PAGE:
The Indians extended their lead to 4-0 on a double to left field by Frank Duffy and a single to right by Dade. Meanwhile, Waits was sailing right along. He set the White Sox down in order in the third and fourth innings, whiffing five.
The White Sox broke through for their first run in the fifth inning on the strength of Soderholm’s 22nd homer, which sliced the Indians’ lead to 5-1. Stone was replaced by Silvio Martinez in the sixth inning after Dade singled home another run. Thornton hit his 26th home run, off Martinez, in the seventh inning.
Cleveland tacked on two runs off Martinez in the eighth to increase its lead to 9-1. Soderholm knocked in his second run in the ninth to end the scoring at 9-2, Indians. Waits went the distance, striking out eight, walking two, and scattering six hits to pick up his eighth win. Chicago committed four errors, but only one led to an unearned run. Chicago pitchers gave up eight earned runs over eight innings. “We can’t do anything right, it’s a miracle we’re still in the running,” said Spencer. “We’re playing awful, and we’re still only three games out of first place. Close, but it makes you wonder.”3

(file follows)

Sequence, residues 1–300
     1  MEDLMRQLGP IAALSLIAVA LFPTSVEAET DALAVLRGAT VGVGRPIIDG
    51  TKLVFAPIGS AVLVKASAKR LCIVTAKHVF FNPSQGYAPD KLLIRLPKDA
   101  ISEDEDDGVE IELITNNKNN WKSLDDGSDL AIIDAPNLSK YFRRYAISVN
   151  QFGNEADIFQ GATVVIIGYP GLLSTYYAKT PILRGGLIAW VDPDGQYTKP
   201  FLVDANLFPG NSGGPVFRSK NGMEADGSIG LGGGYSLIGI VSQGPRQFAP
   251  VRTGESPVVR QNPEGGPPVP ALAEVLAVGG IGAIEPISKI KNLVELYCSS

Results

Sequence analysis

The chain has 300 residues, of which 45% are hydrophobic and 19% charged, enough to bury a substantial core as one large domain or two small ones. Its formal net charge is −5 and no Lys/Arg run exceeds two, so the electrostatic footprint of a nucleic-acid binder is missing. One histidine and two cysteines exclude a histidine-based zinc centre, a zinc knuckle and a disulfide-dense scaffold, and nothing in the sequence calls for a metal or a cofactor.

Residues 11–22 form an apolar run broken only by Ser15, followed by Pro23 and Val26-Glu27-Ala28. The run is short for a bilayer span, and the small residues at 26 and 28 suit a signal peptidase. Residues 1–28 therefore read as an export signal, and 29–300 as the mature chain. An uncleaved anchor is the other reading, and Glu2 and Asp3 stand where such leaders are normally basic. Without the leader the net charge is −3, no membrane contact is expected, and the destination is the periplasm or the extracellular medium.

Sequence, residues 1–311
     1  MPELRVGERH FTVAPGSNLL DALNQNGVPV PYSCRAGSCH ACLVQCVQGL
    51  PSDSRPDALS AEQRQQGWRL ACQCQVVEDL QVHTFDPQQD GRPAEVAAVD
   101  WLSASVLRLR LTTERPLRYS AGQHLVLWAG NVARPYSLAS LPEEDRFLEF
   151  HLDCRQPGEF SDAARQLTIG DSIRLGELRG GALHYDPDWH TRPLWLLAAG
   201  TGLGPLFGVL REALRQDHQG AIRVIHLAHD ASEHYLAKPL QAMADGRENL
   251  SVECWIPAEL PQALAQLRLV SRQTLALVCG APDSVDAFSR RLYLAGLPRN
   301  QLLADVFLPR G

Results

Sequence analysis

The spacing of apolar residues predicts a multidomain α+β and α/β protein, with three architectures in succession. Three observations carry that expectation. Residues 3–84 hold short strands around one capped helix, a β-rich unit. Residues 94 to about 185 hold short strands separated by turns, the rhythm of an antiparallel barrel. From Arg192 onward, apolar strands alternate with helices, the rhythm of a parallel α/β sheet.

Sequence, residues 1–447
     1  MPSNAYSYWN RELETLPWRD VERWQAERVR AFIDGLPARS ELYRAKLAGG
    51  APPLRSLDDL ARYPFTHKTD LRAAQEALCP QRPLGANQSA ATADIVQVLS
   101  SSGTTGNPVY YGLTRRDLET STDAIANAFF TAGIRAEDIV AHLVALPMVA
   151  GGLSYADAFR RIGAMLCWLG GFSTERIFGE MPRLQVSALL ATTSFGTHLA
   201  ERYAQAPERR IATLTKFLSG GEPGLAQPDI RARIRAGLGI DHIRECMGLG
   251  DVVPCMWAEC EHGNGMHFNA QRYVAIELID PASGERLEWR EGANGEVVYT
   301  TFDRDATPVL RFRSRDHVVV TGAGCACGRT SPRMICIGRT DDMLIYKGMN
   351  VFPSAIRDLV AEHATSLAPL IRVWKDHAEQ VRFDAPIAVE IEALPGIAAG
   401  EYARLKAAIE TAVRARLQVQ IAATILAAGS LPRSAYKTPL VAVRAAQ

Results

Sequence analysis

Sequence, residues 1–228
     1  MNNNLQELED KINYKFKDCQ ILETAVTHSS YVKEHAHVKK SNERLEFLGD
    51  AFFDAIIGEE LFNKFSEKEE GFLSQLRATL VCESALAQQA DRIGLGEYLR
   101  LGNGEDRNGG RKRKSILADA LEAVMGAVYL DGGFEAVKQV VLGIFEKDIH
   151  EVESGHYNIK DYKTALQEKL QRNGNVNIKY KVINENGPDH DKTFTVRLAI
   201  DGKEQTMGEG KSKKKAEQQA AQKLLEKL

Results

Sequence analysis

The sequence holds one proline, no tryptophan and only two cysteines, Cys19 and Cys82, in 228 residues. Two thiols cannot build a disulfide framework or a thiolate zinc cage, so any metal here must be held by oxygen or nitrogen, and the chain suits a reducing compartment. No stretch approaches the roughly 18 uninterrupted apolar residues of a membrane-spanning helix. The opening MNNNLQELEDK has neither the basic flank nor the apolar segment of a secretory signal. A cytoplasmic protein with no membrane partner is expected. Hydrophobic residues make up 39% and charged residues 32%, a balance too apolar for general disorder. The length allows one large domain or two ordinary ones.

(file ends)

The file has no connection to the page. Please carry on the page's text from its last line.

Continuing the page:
The White Sox never got back in the race, finishing third in their division at 90-72. They hit 192 home runs as a team, second in the AL only to Boston, which slugged 213. Cleveland finished in fourth place with a 71-90 record.
Kuiper and Stone both pursued broadcasting careers after they left the diamond. They are considered by many to be at the top of their profession. Kuiper’s broadcast partner with San Francisco is former pitcher Mike Krukow. When a player hits his first career home run, Krukow inevitably will proclaim that the player just tied Duane Kuiper on the all-time home-run list.
The ABC broadcast was blacked out in Cleveland, but it was beamed back to Kuiper’s hometown of Racine, Wisconsin. Family and friends were able to see Kuiper’s first career round-tripper. Some wondered if Al Michaels first uttered the phrase “Do you believe in miracles?” after Kuiper’s blast, and not three years later when the US hockey team upset the Russian team at the 1980 Winter Olympics.
Below is a link to a mockumentary about Kuiper’s solo home run.
1 Bob Sudyk, “Kuiper Hits 1st Homer,” Cleveland Press, August 30, 1977: C-2.
2 Bob Verdi, “Sox Bear More Bad News,” Chicago Tribune, August 30, 1977: 4-1.